Proptech – a paradigm shift for Korea’s real estate market

November 21, 2018 / By  

Proptech, a compound of “property” and “technology”, referring to the integration of IT technologies into real estate has been creating a buzz to be the next big wave in shaping the future real estate. Korea’s proptech sector is powering through, ushering in diverse applications – some already adopted by consumers and even businesses including online listings, virtual tours, smart buildings to name a few.

The leading category in Korea’s proptech scene is online listings that is spearheaded by two companies – Zigbang and Dabang. These online platforms allow individuals to search and select candidate apartments and perform comparison shopping with photos showing interiors and structures while successfully undercutting brokerage fee. However, their strengths are not just built around the above, rather it is centered around big data on real estate transactions gathered from over 20 million users that helps to provide in-depth analysis on properties and locations.

Similarly, virtual and augmented reality technologies also have a promising future for potential application. Urban Base, a company offering advanced technology, can transform 2D architectural drawings into 3D physical images within seconds. The company has accumulated a database of 6.2 million 3D drawing, amounting to 70% of total apartment housing stock in Korea. Users are now able to simulate home furnishing and interior designs ahead of time.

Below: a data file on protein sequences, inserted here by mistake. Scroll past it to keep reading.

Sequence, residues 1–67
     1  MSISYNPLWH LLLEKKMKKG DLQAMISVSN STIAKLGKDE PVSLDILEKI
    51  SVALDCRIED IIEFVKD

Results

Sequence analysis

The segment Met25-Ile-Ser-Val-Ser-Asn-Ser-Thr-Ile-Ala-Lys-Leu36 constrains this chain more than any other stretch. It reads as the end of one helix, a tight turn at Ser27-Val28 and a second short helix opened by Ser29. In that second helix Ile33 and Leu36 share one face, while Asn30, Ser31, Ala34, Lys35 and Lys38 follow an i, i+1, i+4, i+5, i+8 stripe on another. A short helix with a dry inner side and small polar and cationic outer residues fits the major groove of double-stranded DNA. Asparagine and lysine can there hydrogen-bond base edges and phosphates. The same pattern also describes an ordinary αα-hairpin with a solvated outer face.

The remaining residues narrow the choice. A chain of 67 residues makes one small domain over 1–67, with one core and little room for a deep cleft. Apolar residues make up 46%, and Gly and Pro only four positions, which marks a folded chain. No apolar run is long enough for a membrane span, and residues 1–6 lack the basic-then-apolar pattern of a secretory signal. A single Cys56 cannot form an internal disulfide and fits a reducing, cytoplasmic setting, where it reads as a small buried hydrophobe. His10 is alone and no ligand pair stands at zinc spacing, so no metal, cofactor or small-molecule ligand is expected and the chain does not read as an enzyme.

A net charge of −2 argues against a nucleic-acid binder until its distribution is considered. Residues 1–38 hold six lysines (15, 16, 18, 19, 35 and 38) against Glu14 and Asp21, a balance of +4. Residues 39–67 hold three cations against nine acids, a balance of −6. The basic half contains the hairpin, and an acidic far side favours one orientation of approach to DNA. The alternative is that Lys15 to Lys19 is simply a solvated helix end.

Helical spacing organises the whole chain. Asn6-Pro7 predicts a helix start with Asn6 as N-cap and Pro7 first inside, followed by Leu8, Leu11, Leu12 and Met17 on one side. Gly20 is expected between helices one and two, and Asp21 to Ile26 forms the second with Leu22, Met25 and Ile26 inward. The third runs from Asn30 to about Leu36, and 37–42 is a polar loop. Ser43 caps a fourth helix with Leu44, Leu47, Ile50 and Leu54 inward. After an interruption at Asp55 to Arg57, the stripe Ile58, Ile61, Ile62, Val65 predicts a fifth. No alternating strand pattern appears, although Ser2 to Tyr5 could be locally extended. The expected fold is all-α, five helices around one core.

Real estate driven P2P financing firms is another booming area that is driving the lending platform embedded with fintech. It connects individual lenders to small sized developers in commercial real estate. The frontrunner in this area, is Tera Funding that is reported to have underwritten KRW 500 billion in real estate loans while reporting no default. Even though the AI and big data front has been the most sluggish category so far, forward thinking entrepreneurs have started to roll out several eye-catching apps such as Hogaengnono. The app recommends users an optimal apartment for potential house purchase by analyzing diverse real estate market data while factoring in personal preference. Gipfund will then help potential owners to get instant appraisal with a few data input.

Despite these intriguing developments, we note a few challenges that lie ahead. Many applications we see in the marketplace tend to be skewed toward serving individual consumer needs, offering little application on the B2B front. Additionally, while government funding for the start-up industry continues to hit record highs, monetary resource for proptech seems to be limited.

However, Korea’s proptech future looks bright down the line with growing government initiative and a thriving ICT environment. Government sponsored entities such as Korea Appraisal Board are announcing initiatives to eliminate the asymmetry of information by offering better accessibility to real estate data through integration onto a single platform which would lead to opportunities for AI, big data, fintech based proptech. Korea was ranked first in ICT penetration rate in World Economic Forum’s global competitiveness rankings in 2018, representing more advanced IT and internet infrastructure than other countries which could translate into faster adoption and utilization of various proptech applications going forward.

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